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Asked by a 61 year old man from IA on 8/20/2016
Henry Hebeler
Henry Hebeler,  says
Theoretically, the best answer will be the lower of (1) the mortgage interest rate adjusted for the tax deduction or (2) the after-tax return on your investments because any loan is a negative investment. But there are other conditions. You will always need enough savings left after paying cash to meet emergency and replacement needs the rest of ... (Read More)
Asked by someone from AL on 8/19/2016
Henry Hebeler
Henry Hebeler,  says
Only a wage earner who has not yet reached FRA will lose part of Social Security due to working wages. When 65,. your penalty will be $1 for every $3 you earn above roughly $50,000. Contact your local SSA office to get the exact amount because it changes every year. (Read More)
Asked by a 59 year old man from MD on 8/8/2016
Henry Hebeler
Henry Hebeler,  says
Contact your local Social Security Administration office. They can answer that as well as tell you the amounts you are due for both the railroad and social security benefits after you give them your SS number. (Read More)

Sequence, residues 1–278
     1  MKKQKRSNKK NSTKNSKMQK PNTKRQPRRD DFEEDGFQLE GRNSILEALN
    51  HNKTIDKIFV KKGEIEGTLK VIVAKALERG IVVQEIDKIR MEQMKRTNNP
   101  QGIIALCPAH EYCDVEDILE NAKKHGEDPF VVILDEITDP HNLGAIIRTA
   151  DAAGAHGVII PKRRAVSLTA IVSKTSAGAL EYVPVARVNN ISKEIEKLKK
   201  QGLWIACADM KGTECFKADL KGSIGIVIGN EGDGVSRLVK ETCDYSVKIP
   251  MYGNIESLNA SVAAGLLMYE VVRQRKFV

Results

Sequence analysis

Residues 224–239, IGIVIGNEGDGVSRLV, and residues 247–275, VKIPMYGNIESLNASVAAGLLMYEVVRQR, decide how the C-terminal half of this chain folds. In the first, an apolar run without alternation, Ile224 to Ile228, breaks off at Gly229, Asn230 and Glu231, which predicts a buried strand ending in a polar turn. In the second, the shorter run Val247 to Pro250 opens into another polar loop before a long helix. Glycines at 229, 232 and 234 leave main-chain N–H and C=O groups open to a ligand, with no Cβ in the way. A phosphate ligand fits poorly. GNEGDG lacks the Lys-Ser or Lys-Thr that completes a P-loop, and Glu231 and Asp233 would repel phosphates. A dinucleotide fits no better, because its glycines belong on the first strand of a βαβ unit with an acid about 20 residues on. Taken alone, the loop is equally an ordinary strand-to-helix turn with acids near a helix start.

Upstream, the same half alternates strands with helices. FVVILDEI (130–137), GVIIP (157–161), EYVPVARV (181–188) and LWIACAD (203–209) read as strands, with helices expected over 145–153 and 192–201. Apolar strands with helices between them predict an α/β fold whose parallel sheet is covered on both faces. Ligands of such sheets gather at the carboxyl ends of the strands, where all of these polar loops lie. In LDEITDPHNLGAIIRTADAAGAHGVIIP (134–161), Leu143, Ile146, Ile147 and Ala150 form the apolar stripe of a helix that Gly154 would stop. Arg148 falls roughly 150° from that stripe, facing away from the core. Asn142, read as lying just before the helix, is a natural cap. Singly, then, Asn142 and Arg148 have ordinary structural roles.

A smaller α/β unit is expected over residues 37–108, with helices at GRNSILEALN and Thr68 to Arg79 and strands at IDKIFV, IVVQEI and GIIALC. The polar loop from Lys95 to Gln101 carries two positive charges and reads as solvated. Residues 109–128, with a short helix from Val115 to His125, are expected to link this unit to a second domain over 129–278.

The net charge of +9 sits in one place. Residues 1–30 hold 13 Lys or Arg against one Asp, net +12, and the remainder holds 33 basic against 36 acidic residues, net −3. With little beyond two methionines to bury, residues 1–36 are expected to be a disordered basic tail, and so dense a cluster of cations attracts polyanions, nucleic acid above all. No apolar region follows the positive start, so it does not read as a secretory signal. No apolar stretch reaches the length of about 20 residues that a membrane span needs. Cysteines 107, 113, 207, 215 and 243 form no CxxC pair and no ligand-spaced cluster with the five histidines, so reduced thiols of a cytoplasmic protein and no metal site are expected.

Asked by a 65 year old woman from SC on 8/22/2016
Steve Chen
Steve Chen,  says
If you are under your full retirement age and claiming social security then the income limit is currently $15,720 https://faq.ssa.gov/link/portal/34011/34019/article/3739/what-happens-if-i-work-and-get-social-security-retirement-benefits (Read More)
Asked by a 64 year old man from OR on 8/19/2016
Steve Chen
Steve Chen,  says
Thanks for your feedback. The Retirement Calculator and Planning tool make some high level assumptions about taxes before and during retirement. You can see these in the Assumptions page in the tool. We are steadily adding more granular controls for users to do richer modeling and tax handling is on our product road map, so you should see better ... (Read More)
Asked by a 61 year old man from CA on 8/18/2016
Steve Chen
Steve Chen,  says
If your question is regarding whether you'll be subject to the social security work penalty - the answer is no. Only wages from earnings are subject to the work penalty. https://faq.ssa.gov/link/portal/34011/34019/article/3739/what-happens-if-i-work-and-get-social-security-retirement-benefits You should consult a tax expert about whether ... (Read More)

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